China at the 2018 Olympics

Experience is key for Team China in Pyeongchang

Here is a summary of this week’s China Sports column for SupChina, which was first published here.  
The long-term goal remains 2022, but China still has several medal hopes in Pyeongchang.

The host nation of every Olympic Games – whether Summer or Winter – typically does much better than usual in the medal standings, due to a combination of factors including increased funding and fanatical home support. The host country also tends to gets a bump, albeit a smaller one, in the two Olympics immediately before and after.

With the Olympic Games heading for Beijing in 2022, you might expect China to start raking in the medals in Pyeongchang.

Unfortunately, however, the Chinese don‘t see it quite that way – and they may well be right.

Here’s the thing: nine of China’s 12 gold medals in the Winter Olympics have come in short track speed skating – all won by women – but one of China’s largest rivals in the sport is South Korea, who will be expecting a huge boost in fortunes as the host nation, rather taking the wind out of China’s sails.

But it’s not all doom and gloom.

The Associated Press predicts China will win three gold and three silver medals over the next two weeks, while the Olympic predictors extraordinaire, Gracenote, forecast a total of ten medals for China, of which they expect six to be gold.

Here’s a round-up of some of China’s best medal hopes, who, if they see success in Pyeongchang this month, could become huge domestic stars four years from now.

China has been very successful converting second-tier gymnasts into top-level aerial skiers – the sport, after all, is effectively gymnastics on skis. Xu Mengtao, runner-up four years ago and this season’s World Cup champion, is widely tipped to win the women’s competition, while Qi Guangpu and Jia Zongyang both have medal chances in a competitive men’s division.

In pairs figure skating, Nielsen’s Gracenote modeling software says Su Wenjin and Han Cong will claim the title, while the Associated Press marks them down for silver. They would be hugely popular winners if they could reclaim for China the title that Shen Xue and Zhao Hongbo famously won in Vancouver eight years ago. Su and Han won gold at last year’s World Championships, but have been carrying some minor injuries in recent weeks. Meanwhile, in the men’s singles, 20-year-old Jin Boyang has put himself in contention following a World bronze a year ago.

As usual, though, it’s short track speed skating that provides China with its best hopes of a sizeable medal haul. Wu Dajing (men’s 500m) and – if fit – Han Tianyu (men’s 1,500m) have been tipped for success alongside the men’s 5,000m relay, while on the women’s side, Fan Kexin and Zhou Yang will both line up for the women’s 500m, while the 3,000m relay team is also strong. Again, some of their main competition comes from the South Koreans, but short track can be so unpredictable, with dramatic falls a regular feature of races. Make sure you tune into the finals if you can.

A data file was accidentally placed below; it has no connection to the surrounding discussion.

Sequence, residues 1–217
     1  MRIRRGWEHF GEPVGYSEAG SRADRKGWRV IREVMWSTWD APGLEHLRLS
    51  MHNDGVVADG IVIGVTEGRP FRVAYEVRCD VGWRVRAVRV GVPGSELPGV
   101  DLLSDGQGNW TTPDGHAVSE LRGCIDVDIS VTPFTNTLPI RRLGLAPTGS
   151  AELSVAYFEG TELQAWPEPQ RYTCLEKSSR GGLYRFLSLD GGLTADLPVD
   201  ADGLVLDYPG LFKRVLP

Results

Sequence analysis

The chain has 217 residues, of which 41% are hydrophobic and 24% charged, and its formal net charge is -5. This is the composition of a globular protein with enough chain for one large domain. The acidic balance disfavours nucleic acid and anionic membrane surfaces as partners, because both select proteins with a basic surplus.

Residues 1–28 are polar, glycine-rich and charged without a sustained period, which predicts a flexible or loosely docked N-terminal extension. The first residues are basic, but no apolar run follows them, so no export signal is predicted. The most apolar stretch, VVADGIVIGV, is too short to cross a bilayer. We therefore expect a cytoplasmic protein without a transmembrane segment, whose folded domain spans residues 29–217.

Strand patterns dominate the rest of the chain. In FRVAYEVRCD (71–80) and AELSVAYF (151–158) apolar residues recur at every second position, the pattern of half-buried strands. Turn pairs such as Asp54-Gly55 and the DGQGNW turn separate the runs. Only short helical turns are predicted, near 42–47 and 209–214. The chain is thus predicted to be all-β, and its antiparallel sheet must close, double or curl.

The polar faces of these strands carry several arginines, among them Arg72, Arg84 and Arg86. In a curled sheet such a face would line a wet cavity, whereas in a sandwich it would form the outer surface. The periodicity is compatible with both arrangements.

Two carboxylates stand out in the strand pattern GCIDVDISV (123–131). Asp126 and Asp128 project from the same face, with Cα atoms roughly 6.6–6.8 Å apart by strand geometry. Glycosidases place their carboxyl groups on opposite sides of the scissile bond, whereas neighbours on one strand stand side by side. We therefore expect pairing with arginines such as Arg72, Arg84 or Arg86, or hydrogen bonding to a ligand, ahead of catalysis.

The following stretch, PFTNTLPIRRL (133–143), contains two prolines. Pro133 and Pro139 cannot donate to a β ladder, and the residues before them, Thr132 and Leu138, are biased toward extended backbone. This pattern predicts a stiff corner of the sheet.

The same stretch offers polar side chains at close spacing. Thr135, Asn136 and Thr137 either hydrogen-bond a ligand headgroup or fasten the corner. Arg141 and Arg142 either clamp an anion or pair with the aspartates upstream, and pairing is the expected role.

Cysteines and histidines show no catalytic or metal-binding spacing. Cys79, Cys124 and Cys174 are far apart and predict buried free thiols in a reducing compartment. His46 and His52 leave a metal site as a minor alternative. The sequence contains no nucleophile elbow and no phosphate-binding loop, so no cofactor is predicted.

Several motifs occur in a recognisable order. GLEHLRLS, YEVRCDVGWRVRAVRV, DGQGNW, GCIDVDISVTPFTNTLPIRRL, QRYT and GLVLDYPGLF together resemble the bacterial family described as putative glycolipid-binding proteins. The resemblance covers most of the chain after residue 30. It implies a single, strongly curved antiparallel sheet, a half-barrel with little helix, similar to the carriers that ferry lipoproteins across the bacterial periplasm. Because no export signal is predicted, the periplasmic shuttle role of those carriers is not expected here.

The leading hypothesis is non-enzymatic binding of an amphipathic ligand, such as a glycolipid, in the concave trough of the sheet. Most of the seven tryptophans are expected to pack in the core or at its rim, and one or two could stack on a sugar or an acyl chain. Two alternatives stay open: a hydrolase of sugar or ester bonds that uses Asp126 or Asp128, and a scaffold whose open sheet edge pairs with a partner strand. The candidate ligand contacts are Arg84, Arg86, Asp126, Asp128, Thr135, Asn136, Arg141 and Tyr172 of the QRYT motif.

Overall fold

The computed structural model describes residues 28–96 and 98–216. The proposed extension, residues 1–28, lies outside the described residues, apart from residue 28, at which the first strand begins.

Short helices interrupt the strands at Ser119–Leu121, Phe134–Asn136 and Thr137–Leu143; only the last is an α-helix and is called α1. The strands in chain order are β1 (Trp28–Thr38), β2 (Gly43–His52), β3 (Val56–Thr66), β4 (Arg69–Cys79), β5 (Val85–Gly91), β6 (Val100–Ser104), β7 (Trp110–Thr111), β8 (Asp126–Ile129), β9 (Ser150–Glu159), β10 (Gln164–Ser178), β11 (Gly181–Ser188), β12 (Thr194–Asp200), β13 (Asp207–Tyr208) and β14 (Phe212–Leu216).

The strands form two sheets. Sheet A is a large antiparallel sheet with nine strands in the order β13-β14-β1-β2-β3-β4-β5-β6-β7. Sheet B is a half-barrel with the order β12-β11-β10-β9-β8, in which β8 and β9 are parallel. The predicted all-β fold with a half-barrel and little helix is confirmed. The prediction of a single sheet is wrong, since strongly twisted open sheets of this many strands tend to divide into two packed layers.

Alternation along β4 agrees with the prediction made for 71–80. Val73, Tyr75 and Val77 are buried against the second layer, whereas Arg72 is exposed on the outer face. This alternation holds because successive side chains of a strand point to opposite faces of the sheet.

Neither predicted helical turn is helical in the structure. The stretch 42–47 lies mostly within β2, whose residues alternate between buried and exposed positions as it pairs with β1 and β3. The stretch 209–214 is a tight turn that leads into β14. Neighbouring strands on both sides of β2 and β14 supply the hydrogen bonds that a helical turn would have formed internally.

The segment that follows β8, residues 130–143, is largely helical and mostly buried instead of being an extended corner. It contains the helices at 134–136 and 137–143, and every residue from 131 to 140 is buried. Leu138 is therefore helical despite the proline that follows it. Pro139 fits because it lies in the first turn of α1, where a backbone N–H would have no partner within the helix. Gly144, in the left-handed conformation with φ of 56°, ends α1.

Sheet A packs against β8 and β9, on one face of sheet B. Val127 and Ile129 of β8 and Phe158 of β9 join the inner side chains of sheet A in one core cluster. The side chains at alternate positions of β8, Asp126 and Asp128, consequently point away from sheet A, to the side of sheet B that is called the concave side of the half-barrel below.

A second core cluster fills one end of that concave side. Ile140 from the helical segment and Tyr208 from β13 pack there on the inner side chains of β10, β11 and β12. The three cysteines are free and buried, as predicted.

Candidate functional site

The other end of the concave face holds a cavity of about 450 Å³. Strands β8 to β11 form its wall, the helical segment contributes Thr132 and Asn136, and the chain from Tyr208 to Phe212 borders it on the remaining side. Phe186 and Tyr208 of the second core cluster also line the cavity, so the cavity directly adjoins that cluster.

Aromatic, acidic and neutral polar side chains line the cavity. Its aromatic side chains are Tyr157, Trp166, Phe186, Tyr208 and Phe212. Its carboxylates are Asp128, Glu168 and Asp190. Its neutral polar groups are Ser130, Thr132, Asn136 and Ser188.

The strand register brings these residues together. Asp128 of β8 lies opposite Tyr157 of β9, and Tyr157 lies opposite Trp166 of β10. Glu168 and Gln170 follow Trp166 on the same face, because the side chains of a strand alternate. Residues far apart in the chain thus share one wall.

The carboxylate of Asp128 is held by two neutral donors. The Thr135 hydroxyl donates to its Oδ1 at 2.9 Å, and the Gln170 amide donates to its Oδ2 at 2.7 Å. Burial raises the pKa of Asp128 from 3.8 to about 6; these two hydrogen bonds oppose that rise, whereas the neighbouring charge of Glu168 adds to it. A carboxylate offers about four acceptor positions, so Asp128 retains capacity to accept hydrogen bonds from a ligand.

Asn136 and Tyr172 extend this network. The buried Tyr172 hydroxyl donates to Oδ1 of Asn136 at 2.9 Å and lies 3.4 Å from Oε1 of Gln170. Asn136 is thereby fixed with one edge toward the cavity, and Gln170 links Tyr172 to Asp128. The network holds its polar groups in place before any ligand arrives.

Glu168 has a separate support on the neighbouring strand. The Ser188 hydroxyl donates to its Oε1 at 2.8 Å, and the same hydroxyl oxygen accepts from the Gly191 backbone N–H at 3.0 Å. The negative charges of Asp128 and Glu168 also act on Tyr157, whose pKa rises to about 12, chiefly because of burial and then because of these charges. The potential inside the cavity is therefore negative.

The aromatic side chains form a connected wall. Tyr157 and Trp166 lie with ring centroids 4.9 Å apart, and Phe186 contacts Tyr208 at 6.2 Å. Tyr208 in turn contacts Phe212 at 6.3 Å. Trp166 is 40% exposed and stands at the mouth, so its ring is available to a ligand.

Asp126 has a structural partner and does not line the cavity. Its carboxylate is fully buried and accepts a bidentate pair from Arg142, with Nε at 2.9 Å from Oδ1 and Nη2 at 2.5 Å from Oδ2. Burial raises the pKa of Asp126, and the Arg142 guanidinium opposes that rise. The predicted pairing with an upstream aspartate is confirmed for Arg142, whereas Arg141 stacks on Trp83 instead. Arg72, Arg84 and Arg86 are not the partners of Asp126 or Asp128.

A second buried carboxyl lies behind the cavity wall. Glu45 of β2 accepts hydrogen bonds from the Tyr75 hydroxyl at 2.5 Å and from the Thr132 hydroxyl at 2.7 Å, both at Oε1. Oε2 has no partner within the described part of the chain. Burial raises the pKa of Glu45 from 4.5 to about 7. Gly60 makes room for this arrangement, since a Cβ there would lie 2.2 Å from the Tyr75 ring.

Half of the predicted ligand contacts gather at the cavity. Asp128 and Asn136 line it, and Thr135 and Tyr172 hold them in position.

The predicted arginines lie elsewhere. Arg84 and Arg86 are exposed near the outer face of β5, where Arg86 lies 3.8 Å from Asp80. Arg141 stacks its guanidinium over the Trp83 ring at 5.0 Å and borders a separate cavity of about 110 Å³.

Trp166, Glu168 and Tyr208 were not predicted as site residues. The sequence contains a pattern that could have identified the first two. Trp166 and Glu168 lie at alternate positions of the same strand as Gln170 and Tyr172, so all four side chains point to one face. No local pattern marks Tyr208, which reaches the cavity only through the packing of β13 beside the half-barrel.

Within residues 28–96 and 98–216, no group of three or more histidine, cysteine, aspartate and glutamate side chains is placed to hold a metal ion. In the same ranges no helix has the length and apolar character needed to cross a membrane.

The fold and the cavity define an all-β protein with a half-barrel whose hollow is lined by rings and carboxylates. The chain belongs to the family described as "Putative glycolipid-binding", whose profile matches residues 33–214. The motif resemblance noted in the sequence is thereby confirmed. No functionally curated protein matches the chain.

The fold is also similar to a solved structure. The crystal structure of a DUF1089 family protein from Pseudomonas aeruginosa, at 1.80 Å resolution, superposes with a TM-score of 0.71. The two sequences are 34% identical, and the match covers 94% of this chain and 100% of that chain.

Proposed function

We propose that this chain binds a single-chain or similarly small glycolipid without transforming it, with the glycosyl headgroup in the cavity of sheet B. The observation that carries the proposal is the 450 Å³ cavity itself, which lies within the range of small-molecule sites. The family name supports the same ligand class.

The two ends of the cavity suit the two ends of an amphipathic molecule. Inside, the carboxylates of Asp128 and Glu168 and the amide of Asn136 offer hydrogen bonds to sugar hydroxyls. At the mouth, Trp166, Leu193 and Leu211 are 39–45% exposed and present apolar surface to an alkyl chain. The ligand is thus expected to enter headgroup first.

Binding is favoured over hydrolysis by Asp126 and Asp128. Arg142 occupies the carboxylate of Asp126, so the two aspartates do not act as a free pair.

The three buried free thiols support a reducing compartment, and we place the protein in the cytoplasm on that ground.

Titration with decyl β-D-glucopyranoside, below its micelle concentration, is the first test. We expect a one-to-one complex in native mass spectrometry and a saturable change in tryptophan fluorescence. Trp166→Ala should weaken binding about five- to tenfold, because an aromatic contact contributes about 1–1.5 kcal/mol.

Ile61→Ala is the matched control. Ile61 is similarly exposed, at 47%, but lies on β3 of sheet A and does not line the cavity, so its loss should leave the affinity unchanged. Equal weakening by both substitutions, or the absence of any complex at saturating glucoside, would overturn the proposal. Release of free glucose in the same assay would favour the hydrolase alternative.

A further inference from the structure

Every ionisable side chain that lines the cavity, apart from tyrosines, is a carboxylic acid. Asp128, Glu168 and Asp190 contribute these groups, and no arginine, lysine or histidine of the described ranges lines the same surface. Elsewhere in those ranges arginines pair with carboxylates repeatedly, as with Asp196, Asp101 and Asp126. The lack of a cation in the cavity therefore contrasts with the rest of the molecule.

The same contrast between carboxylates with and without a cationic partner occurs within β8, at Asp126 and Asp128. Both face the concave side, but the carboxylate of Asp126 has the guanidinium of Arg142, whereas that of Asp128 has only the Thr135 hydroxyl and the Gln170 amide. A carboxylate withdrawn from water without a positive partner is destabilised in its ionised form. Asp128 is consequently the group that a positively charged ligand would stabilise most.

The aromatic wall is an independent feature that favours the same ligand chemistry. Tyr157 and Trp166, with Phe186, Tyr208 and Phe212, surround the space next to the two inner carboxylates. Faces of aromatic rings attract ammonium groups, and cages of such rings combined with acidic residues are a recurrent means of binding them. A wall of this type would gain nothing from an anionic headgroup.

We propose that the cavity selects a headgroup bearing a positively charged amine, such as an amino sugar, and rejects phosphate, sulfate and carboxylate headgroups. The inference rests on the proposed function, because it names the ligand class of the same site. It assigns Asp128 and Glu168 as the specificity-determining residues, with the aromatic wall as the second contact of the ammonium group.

Sporting action already began on Thursday, ahead of Friday’s opening ceremony, with China’s mixed gender curling team narrowly defeated 7-5 by Switzerland. But the Swiss are very strong and China, which has made big strides in the sport over the past few Olympic cycles, still harbors medal ambitions. [UPDATE: After a poor start, China has rallied and face Norway in a playoff on Sunday for the final spot in the last four.]

However, it’s in some of the younger, cooler sports that the IOC has been so keen to reach where China has been looking to make the biggest breakthroughs. Both the Gracenote soothsayers and the AP predict silver for Cai Xuetong in the women’s snowboard halfpipe, behind the ethnically-Korean US star Chloe Kim, who at 17, is already leagues above the competition and poised to be one of the stars of the Games. Liu Jiayu could also challenge for a halfpipe medal having shown good form in the World Cup this season, as could Zhang Yiwei on the men’s side.

But a consistent theme in state media in recent weeks has been about getting experience  and building for 2022 – with 2018 simply one stop along a more important journey.

15-year-old Zhang Kexin became the second-youngest female freestyle skier from any nation to win a World Cup halfpipe gold medal last year. Meanwhile, 17-year-old Guan Ziyan and 20-year-old Wang Jin compete in the moguls and have said they are specifically concentrating on the Beijing Games in four years. Their US coach Scott Rawles, who has been with the team since October 2014, pointed out that in the west, kids often start skiing between the ages of three and seven, whereas some of his skiers only started at 15.

However, what Chinese has done so well in the Summer Olympics is to monopolize sports and disciplines that are not universally popular, as well as to play the number games to great effect in more repetitive, individual sports, like gymnastics and diving.

It’s no accident, then, that China will enter athletes in ten events for the first time, making its debut in sports such as bobsled and parallel giant slalom in snowboarding.

Don’t expect any medals in these newer disciplines this time around, and brace for plenty of media coverage about “experience”, especially if the medals don’t flow too freely.

But four years from now, after a fully-funded, professional training regime that few other countries can match, don’t be surprised in 2022 when Chinese athletes start popping up on podiums everywhere.

Click here to read the full version of this week’s column.
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